Perhaps the biggest hit of the spring, though, was the loss of wide receiver Ricky Marvray, who had surgery to repair a disc problem in his back. Marvray, before he went down, was having a very good spring and looked like he would flourish in Mazzone's offense. He has said he'll be back in time for fall camp, but we're a bit skeptical. Back and spine problems aren't generally something you just have patched up and they go away. It was a blow since the new offense needs a big stable of receivers and it's a bit thin at this point.

Wade Yandall, too, is a worry. He's had four concussions in his career, and generally has been experiencing headaches since last season. He attempted to come back for spring practice, participating in two practices, but the headaches re-occured. Again, while you'd like to be optimistic, it doesn't sound good for the future of Yandall's career. And it's a shame since he's a talented player who has really developed (at the spring game, in just his jersey, we were marveling at how he's grown to a good 6-4 to 6-5 and transformed his body). He would almost certainly be a starter if he were healthy.

There would be some worry about Anthony Jefferson, who had returned from his back injury to practice this spring, but then went back to the injured list.

Perhaps some worry would be appropriate for Patrick Larimore, too. The starting middle linebacker went out with a concussion and never even returned to the sideline for the last five practices or so.


We'll leave most of the heavy lifting in terms of analysis to our quarterback breakdown that will be coming later.

But suffice it to say that there are really two storylines here: The emergence of Brett Hundley, and the news that Richard Brehaut is dropping baseball for the spring and concentrating on football.

It was clear by the end of spring it's a two-horse race for the starting spot, between Hundley and Brehaut. And Mora's decision not to name a starter until a couple of weeks into fall practice is only going to generate more competition between the two.

The feeling from the program is that, at this time, the leader for the starting spot is Hundley, but that he just didn't do quite enough in spring to completely seize it.


It was one of UCLA's two biggest concerns heading into spring practice, and probably emerged as its #1 concern. Simply, there is a lack of talent and depth. The thought, though, coming out of spring, was that the coaches feel pretty good about the starting five, with the starters being (from the left) Xavier Su'a-Filo, Greg Capella, Jake Brendel, Alberto Cid and Jeff Baca, but if any of them went down with a serious injury they'd be in trouble.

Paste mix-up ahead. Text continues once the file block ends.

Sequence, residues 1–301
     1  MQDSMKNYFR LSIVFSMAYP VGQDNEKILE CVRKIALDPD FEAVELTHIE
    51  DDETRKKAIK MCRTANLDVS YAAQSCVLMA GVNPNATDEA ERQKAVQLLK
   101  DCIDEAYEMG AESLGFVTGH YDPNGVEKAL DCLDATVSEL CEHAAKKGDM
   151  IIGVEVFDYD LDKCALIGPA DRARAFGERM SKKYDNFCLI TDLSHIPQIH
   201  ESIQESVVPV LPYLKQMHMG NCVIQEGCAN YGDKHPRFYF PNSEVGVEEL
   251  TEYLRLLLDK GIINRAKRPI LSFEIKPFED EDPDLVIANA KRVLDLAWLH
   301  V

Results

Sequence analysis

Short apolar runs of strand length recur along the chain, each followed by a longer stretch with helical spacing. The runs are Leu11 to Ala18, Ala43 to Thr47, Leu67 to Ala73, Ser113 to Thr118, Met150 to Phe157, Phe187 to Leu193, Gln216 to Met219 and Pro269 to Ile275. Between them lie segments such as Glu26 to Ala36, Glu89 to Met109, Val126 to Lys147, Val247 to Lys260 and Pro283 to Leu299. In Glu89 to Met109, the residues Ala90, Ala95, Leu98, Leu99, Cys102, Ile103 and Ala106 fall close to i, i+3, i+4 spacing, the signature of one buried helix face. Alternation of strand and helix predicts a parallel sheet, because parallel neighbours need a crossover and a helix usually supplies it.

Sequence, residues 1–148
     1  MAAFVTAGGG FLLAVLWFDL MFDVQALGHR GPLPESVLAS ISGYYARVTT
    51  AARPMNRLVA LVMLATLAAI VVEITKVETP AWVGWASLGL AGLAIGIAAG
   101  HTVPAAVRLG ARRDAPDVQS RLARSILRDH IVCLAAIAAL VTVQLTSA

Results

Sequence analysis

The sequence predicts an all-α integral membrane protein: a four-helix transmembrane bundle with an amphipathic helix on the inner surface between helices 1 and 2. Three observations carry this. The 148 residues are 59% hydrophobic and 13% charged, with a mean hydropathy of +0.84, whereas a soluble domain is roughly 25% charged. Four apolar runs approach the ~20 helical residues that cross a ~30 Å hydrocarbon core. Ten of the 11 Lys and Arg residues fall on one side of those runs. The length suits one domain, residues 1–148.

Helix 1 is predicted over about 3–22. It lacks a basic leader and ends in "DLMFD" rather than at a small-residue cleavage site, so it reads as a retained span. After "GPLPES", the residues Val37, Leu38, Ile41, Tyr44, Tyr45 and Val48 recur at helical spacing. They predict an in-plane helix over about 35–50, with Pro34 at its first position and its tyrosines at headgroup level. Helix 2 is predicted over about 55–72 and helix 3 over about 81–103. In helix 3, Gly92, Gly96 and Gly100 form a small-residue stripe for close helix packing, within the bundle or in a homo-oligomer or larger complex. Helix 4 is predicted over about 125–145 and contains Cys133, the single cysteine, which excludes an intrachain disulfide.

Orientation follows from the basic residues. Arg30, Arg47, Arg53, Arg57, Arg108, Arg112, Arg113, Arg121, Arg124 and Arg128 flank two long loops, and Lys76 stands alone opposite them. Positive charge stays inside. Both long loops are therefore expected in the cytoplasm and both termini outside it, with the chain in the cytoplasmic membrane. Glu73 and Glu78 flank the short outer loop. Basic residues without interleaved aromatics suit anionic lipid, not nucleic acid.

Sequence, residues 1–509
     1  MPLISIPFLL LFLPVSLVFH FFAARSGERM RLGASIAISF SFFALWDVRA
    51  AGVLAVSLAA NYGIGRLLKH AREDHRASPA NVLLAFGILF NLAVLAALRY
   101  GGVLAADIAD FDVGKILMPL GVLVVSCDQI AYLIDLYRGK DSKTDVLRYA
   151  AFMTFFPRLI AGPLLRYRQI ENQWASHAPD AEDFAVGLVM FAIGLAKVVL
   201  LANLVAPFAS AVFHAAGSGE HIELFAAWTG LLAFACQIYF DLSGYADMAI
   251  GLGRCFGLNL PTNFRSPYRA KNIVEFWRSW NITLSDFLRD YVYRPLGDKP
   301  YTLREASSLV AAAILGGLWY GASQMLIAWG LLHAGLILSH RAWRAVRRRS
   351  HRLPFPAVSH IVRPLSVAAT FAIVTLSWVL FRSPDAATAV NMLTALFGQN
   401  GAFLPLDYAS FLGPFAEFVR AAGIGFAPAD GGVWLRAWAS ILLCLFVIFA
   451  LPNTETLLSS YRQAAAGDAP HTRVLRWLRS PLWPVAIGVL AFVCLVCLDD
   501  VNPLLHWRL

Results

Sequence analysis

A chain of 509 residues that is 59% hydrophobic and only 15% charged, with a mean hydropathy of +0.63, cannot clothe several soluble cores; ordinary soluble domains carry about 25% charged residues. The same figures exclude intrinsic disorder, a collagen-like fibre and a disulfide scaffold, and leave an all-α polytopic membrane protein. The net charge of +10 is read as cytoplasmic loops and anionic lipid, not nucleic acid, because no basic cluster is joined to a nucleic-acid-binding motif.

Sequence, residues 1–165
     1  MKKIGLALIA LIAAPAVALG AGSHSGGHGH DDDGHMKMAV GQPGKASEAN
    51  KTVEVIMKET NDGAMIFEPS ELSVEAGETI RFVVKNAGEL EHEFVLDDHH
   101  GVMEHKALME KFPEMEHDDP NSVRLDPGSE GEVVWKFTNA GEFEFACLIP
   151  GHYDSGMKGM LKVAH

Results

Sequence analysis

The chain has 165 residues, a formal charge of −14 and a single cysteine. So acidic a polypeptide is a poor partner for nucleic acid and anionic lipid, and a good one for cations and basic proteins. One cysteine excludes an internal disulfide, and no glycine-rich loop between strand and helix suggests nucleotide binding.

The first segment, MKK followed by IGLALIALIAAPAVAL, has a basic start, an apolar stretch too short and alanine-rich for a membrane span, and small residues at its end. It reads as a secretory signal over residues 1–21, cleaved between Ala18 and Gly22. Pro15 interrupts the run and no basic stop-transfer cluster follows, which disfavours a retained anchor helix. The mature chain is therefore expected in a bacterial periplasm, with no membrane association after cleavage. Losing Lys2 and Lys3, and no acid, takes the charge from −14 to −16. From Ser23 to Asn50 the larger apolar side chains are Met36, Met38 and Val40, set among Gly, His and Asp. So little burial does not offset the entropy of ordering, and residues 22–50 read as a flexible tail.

For years UCLA fans wondered why UCLA just didn't have many playmakers. Most people close to the program knew UCLA had some potential playmakers but the offense never put them in the right place to make plays. That era, we can safely say, is over. Mazzone's offense, actually, in his various stops before UCLA, has shown it tends to make playmakers out of guys who aren't big-time talents, in fact.

Coming out of spring there were guys you would expect to be playmakers -- like Johnathan Franklin or Shaquelle Evans -- but in spring, with the new offense creating playmakers, there were some guys who stepped in, stepped up and emerged as players who could really make a mark on the offense in fall.

Jerry Johnson, the long-forgotten wide receiver who seemed to be either hurt or terminally in the doghouse with the last coaching staff, or both, was a revelation this spring. He always looked the part, and is very impressive physically, at 6-4 and 218, but he was very good, if not excellent at times, this spring.

Jordon James was the poster boy for being mis-used and under-utilized with the last coaching staff -- but no longer. He's going to get touches either at running back or the F-back spot, getting the ball in his hand in space facing vertically down the field, instead of only touching the ball one time a game on a fly sweep. He proved this spring that he's completely worthy, showing explosive speed and some moves that made him live up to his nickname of "Joystick."

We had to end this article, though, with perhaps the biggest surprise of the spring, the official BRO mascot and adopted son, Steven Manfro. You couldn't tell anything all of last season in practice watching him on the scout team. He did look small (he's not the 5-10 UCLA lists him, more like 5-8), and it was hard to project that he'd ever contribute at UCLA. But Manfro now has a new future and lease on life, because he is clearly more talented than previously believed, but also because of the opportunities presented to him by Mazzone's offense. He's plugged into the F spot and the tailback position, much like James, and Manfro has flourished in the offense, showing good quickness and moves. He's really done well because he has good hands and can catch a ball, which you need to do in Mazzone's offense. That has also put him in the running in the competition for kick-off and punt return.

Bruin Report Online Top Stories